3.5 Counsel alleges that, while Dugin was in detention, he was subjected to pressure by the investigator on several occasions, in an attempt to force him to give false statements in exchange for a reduction in the charges against him. He claims that the investigator threatened that, if he did not do so, his indictment, which had originally been for premeditated murder, would be replaced by an indictment for a more serious offence, namely murder with aggravating circumstances. The author did not give in to the threats and, as had been threatened, the investigator changed the indictment. According to the author, that constituted a violation of article 14, paragraph 3 (g).

3.6 With regard to the allegation of a violation of article 14, paragraph 5, the author states, without further providing details, that his case was not properly reviewed.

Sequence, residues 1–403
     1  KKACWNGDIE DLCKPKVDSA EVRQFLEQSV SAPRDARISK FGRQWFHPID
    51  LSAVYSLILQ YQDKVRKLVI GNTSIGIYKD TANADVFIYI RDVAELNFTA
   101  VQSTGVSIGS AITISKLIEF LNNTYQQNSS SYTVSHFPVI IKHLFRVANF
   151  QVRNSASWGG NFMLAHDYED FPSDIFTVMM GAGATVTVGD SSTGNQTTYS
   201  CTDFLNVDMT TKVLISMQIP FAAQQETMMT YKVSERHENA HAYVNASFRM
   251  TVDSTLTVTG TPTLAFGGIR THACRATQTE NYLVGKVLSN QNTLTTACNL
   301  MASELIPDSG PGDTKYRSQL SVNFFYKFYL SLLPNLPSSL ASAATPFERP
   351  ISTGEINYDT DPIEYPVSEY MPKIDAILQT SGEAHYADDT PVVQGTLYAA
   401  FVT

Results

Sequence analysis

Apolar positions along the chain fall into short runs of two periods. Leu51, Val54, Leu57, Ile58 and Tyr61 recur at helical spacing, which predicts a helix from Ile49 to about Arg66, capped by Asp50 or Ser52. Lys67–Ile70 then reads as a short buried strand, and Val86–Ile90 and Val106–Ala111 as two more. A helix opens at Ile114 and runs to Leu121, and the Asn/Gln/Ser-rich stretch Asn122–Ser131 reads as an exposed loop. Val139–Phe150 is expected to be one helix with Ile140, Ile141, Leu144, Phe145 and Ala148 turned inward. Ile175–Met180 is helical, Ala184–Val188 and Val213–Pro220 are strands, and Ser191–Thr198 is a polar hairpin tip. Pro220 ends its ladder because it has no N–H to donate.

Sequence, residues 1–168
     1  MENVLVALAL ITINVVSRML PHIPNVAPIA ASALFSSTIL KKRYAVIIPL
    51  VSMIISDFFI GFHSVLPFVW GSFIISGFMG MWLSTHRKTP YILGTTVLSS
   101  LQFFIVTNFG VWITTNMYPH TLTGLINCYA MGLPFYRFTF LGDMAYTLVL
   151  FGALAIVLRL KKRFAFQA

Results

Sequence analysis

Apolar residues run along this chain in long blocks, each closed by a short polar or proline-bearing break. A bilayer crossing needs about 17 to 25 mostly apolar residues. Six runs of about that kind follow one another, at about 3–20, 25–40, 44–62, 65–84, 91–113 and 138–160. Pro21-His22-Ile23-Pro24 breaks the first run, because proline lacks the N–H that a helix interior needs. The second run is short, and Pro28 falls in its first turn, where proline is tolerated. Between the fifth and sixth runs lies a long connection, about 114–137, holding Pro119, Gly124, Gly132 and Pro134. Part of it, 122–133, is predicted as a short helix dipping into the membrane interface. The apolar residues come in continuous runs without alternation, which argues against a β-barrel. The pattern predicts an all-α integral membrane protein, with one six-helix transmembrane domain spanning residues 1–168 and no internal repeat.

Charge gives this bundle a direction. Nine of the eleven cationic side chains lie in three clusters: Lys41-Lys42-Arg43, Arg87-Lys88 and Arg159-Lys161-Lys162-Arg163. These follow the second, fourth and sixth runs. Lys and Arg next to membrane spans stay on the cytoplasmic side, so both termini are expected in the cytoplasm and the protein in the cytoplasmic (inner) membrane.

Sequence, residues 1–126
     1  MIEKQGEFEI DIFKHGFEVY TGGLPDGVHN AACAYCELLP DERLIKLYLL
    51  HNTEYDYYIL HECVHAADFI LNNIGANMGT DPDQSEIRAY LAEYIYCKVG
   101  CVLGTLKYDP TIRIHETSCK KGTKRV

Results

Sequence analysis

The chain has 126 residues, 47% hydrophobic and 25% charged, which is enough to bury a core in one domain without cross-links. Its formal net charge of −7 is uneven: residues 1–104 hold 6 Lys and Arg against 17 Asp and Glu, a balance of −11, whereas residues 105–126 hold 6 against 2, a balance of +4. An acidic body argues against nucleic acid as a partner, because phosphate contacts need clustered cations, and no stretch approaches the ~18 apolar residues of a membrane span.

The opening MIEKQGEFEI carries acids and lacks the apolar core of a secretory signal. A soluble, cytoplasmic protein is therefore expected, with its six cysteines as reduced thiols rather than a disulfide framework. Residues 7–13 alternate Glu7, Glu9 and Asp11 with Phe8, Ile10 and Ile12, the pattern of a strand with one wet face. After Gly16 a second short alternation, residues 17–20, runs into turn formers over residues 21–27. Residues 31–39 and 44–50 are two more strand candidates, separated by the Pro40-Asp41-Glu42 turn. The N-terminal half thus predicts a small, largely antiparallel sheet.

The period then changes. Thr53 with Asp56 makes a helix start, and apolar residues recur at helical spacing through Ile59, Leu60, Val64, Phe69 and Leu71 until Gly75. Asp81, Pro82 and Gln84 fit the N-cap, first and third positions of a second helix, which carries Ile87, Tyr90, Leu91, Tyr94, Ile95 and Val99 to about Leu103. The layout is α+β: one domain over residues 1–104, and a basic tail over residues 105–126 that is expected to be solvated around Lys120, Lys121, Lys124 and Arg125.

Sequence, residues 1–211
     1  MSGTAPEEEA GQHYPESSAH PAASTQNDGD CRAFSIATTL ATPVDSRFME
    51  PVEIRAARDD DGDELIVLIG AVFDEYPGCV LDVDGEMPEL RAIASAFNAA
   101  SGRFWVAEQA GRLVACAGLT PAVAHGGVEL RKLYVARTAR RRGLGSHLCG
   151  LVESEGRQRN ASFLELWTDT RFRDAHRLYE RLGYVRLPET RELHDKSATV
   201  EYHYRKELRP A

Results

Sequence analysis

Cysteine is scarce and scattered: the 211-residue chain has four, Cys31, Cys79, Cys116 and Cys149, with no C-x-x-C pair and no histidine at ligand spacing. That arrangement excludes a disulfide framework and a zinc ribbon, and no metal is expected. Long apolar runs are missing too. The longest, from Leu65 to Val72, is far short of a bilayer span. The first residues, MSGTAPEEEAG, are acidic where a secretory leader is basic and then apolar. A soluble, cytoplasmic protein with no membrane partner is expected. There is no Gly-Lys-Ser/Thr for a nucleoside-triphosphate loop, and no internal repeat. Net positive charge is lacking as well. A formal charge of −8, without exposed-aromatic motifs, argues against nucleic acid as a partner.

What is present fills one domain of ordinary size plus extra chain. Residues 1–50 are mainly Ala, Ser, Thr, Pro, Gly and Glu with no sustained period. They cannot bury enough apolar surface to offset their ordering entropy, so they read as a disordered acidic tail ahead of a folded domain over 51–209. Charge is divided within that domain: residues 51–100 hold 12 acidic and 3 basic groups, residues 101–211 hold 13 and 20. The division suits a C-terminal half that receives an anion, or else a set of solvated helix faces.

3.7 The author also claims that the crime scene report should not have been taken into account during the proceedings because it contained neither the date nor the time of the completion of the investigation, and did not contain enough information about the investigation report. The prosecution witnesses said that there had been a metal pipe present during the fight, however the crime scene report did not refer to such a pipe. The investigator did not examine any such item and the file contains no further information on it.